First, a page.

- Gavin Schalliol, Reading the Tea Leaves: Café Culture in Jordan – In Arabic countries, the café is a central part of the culture. They are the first businesses to open in the morning and the last to close in the evening. Gavin Schalliol will explore café culture in Jordan, using photography to record the business as an environment and anthropology to assess how the patrons utilize the space. “In addition to photography and ethnography, this project will also further my linguistic skills,” Schalliol said. The intensive experience of researching the cafés will require him to rely on his knowledge of Arabic. This grant is co-sponsored with the generous support of the Hendrix Murphy Foundation.
- Hannah Sintek, Kyle Bradbury, and Sarah Hill, Service to the World: How Policy Protects Sea Turtles -- Archelon, the Sea Turtle Protection Society of Greece, was founded in 1983 with the goal of protecting the endangered loggerhead turtle. The society incorporates research and monitoring of the turtles with management plans for habitat restoration, along with public education programs. By volunteering with Archelon in Greece, Hannah Sintek, Kyle Bradbury and Sarah Hill will help protect the turtles and experience the impact of the society’s initiatives. “Archelon is a partner member of the European Union for the Conservation of the Coasts, and the organization’s members are key players in helping to formulate international sea turtle conservation plans,” they said.
- Brad SoRelle, South Africa Wildlife Volunteer Program – Brad SoRelle will bring his interests of wildlife conservation and animal behavior together through a volunteer experience with Global Vision International. He will travel to South Africa to help conserve the country’s wildlife at a nature or game reserve. “The initial part of my work in South Africa will entail specific training to learn how to monitor wildlife, such as lions, leopards, elephants, and hyenas, using tracking skills and telemetry,” SoRelle said. He will observe and collect data on their feeding habits, movement patterns and behavior. In addition, he will participate in a biodiversity study to develop an inventory of the flora and fauna in the mountainous region of South Africa.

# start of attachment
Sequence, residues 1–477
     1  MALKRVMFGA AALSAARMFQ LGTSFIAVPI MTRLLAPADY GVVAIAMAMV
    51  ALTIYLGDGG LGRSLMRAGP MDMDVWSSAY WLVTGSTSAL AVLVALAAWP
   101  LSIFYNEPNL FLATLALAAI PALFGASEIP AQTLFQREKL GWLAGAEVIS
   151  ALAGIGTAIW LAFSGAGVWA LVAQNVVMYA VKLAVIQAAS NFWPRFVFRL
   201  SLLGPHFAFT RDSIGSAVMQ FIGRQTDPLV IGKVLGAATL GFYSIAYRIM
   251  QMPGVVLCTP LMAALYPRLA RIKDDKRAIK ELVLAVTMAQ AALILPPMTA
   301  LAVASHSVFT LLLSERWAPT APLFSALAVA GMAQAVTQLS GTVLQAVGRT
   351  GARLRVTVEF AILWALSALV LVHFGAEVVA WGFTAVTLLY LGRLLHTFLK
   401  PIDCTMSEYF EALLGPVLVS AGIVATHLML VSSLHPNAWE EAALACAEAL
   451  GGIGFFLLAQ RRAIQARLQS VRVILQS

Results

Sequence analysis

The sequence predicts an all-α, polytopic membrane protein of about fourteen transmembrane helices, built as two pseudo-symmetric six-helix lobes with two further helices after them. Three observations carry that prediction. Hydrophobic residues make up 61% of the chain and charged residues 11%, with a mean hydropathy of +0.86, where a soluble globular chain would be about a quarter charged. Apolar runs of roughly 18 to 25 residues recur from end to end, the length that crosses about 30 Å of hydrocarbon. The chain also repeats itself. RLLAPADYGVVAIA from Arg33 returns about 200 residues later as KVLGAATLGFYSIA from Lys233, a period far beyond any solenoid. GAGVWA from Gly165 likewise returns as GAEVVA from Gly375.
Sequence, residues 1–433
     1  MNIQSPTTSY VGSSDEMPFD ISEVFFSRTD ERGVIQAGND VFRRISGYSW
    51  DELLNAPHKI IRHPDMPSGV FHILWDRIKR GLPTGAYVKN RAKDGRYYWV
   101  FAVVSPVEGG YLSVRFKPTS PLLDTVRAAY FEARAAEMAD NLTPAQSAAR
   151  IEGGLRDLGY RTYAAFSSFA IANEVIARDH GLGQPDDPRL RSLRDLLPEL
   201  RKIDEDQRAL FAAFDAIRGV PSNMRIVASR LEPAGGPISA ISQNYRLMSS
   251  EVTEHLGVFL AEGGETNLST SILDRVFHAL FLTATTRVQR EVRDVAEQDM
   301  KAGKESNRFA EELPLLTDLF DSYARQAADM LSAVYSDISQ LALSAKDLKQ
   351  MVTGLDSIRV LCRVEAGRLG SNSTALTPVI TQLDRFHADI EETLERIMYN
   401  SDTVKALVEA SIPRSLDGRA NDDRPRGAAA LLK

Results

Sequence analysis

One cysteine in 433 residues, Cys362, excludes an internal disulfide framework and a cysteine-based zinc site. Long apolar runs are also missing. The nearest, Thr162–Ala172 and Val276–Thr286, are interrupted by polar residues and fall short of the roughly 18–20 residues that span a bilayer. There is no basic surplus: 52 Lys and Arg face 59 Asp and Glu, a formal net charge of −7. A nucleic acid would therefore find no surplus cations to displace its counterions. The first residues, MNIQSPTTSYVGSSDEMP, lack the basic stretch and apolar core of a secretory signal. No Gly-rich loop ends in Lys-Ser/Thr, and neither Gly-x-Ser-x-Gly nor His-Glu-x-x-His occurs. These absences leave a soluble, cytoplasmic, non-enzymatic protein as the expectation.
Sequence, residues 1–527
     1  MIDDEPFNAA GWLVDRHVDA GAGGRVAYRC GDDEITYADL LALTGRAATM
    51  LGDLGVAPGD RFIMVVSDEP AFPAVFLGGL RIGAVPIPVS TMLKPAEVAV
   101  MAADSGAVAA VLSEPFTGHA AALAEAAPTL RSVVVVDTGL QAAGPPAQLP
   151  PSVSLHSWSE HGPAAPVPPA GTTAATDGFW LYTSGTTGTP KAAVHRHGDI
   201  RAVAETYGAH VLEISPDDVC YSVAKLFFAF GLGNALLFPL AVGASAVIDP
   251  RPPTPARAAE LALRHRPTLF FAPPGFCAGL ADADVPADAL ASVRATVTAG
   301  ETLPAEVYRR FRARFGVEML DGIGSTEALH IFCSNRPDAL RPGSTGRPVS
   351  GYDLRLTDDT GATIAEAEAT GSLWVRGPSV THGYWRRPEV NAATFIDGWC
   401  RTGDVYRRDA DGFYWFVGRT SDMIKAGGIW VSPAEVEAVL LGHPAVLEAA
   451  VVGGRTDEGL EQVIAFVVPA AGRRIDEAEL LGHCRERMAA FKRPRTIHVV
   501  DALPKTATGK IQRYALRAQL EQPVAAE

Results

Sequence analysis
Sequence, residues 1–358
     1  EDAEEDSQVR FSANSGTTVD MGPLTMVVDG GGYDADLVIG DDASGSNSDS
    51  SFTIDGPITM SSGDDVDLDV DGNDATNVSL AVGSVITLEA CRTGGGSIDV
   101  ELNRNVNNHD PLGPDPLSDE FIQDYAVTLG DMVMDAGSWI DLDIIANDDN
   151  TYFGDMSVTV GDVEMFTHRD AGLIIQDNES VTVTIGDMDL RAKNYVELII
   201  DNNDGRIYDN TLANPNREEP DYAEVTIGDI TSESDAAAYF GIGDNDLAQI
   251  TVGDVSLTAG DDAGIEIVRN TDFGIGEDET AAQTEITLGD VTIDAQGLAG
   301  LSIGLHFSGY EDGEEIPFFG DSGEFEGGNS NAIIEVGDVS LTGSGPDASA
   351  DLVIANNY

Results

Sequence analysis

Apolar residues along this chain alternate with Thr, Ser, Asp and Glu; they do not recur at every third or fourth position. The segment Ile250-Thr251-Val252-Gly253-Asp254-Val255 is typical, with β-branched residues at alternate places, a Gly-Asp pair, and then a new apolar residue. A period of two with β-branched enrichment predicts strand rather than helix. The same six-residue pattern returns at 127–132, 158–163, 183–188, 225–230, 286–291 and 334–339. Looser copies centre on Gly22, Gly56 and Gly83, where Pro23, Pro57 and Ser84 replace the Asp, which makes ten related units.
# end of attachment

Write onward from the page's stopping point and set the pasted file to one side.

- Sarah Spencer and Jennifer Byerly, The Public and Private Places of Worship in England –When King Henry VIII of England separated from the Catholic Church to form the Church of England in 1534, British places of worship reflected the change. The result could be as major as expanding a small church into a major cathedral or as minor as adding a stained glass window. In many cases, traces of the old religion were completely swept away. “Examples of these alterations can be found throughout England in locations ranging from private chapels built to honor the Tudor family to large cathedrals open to Britain’s faithful,” Sarah Spencer and Jennifer Byerly said. They will contrast the differences in architecture and iconography in public cathedrals and private chapels, exploring places of worship that escaped the destruction and others that were specifically designed to curry favor with the king and his heirs.